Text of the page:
Yet another company (Quigley and Carter Limited) have been fined by the ICO for not having permission to send SMS messages. In this case (you can read our blog about the last one here), they had outsourced their marketing to a third party who then sent messages on their behalf.
So is staying compliant with the regulations regarding SMS messaging so difficult? It doesn’t have to be. In fact, if you do your own marketing, the ICO recommends just four steps you need to do when sending SMS messages.
Only send messages to people who have explicitly opted into receive them. Simple enough yes?
There is one exception to step one that makes communicating with existing customers easier however. You can send messages to current or previous customers if the message is about your “own similar products” and you offered them a chance to opt out when they gave you their mobile number.
So if you had someone purchase a TV from you, and they gave you their mobile number during the transaction, you can send them messages about related electronics products and services you provide. You can’t send them messages promoting other goods or companies that are unrelated.
In summary, step one means you can safely send messages to a confirmed opt in, or a previous customer who made a related purchase.
Always provide an opt out option.
No exceptions to this rule. The form the opt out takes needs to be simple though. If you have an opt out process that makes it too difficult for a customer to find it, or to request to be taken off the list, then chances the ICO might see that as an attempt to avoid the requirement.
The ICO actually recommends you offer the opt out via a reply SMS message or by a link that takes the recipient directly to an unsubscribe option.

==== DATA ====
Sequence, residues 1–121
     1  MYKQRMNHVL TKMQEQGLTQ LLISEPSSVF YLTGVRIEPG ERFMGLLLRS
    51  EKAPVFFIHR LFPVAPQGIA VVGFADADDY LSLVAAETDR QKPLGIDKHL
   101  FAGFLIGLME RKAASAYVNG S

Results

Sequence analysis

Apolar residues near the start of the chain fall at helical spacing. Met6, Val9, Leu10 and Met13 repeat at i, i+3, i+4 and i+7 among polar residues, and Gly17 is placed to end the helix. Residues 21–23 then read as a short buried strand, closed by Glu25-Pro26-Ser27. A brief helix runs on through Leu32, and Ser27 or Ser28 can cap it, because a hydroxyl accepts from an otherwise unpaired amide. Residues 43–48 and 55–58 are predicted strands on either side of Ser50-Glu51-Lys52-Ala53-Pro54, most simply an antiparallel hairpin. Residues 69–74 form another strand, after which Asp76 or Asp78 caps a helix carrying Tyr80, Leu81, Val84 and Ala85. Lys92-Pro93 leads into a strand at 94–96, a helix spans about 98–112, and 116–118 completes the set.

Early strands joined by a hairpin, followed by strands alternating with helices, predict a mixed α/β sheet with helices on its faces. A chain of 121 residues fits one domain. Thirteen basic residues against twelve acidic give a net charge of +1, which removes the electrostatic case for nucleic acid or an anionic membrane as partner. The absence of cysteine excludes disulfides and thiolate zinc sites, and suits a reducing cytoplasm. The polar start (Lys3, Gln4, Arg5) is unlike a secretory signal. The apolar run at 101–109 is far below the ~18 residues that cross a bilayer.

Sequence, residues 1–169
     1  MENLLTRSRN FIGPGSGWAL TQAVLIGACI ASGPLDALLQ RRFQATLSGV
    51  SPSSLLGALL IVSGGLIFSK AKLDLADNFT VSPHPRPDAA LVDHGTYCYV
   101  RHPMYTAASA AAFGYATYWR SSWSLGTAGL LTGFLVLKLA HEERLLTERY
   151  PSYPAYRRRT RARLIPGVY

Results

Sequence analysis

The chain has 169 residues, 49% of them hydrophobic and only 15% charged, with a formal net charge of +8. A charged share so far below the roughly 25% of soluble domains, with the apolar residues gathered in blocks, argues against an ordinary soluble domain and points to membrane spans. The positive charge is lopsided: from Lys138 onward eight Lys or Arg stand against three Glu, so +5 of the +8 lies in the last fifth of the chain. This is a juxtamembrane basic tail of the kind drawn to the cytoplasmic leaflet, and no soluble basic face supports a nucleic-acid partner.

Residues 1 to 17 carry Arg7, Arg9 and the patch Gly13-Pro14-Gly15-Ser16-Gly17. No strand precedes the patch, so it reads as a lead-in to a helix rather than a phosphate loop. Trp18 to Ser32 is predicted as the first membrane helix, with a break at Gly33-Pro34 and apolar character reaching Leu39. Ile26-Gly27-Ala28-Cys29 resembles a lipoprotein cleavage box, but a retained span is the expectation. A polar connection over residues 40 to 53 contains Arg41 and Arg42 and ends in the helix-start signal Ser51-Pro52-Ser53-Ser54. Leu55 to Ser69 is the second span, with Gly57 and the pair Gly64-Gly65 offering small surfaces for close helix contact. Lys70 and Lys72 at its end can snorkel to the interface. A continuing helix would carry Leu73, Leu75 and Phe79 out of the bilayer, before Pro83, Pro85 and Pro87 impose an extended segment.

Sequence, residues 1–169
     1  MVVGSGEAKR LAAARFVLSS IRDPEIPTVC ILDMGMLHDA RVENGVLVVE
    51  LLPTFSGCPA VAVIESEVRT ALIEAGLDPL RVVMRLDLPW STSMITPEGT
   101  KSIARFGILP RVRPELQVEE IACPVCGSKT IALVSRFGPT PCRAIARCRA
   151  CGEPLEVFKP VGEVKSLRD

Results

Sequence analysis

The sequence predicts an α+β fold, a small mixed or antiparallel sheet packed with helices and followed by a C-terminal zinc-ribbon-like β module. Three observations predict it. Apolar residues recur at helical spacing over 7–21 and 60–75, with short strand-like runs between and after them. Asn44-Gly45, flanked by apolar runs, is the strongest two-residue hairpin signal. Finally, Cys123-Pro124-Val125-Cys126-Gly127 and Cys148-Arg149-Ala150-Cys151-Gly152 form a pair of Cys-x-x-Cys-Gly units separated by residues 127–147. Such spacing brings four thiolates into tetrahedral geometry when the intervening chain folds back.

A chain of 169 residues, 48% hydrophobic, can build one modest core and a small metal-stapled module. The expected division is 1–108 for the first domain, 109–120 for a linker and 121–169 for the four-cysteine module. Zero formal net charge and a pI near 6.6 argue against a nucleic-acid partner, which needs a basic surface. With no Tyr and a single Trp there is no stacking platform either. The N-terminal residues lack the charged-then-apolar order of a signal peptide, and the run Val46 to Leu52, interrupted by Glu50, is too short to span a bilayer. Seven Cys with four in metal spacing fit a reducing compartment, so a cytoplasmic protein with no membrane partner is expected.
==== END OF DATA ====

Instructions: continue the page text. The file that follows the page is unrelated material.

You need to maintain a list of everyone that opts out.
This is another simple one, but perhaps not something everyone realises they need to do. If someone opts out, you need to stop sending them messages of course. But that means keeping a record of their opt out request, and not simply removing them from the send list. You’ll see why in Step 4.
You need to screen your list against the opt out list from Step 3.
If someone opts out, you don’t want to ever send them a message again (unless they re-opt in later). That means every time you send a campaign, you need to check the send list against the opt out list.
This also assumes that both lists are kept current at all times. Fortunately, with services like our NetMessenger, the opt out list (called the blacklist in our system) is always maintained. That means you can check your active list against your blacklist with a click of a button. This is called “cleaning” your distribution list and it ensures you are following step 4.
Outsourcing Or Buying Lists
It seems that most companies that get in trouble with the ICO for sending spam do one of three things: Buy a list, outsource their marketing, or use robo-callers.
It’s obvious that robo-callers that dial random numbers do not fit with the policies of permission based marketing required by law. But you can be compliant if you buy a list or outsource, but the process involves more steps than the four simple ones listed above.
To help everyone, the ICO created a Direct marketing checklist for marketers and organisations to use when sending electronic communications. The four steps above are listed under the “Marketing by email or text” section. But the document goes into a detailed check list for buying lists or outsourcing to a company that does. It also includes items for other forms of marketing like voice calls and mail.
You can download a copy of the checklist here. If you have any questions about how easy it is to comply with the regulations, we’re also here to help. We work with organisations of all sizes and sectors, so chances are we’ve heard your question before and can answer it quickly. You can catch us on our live chat, via email or phone.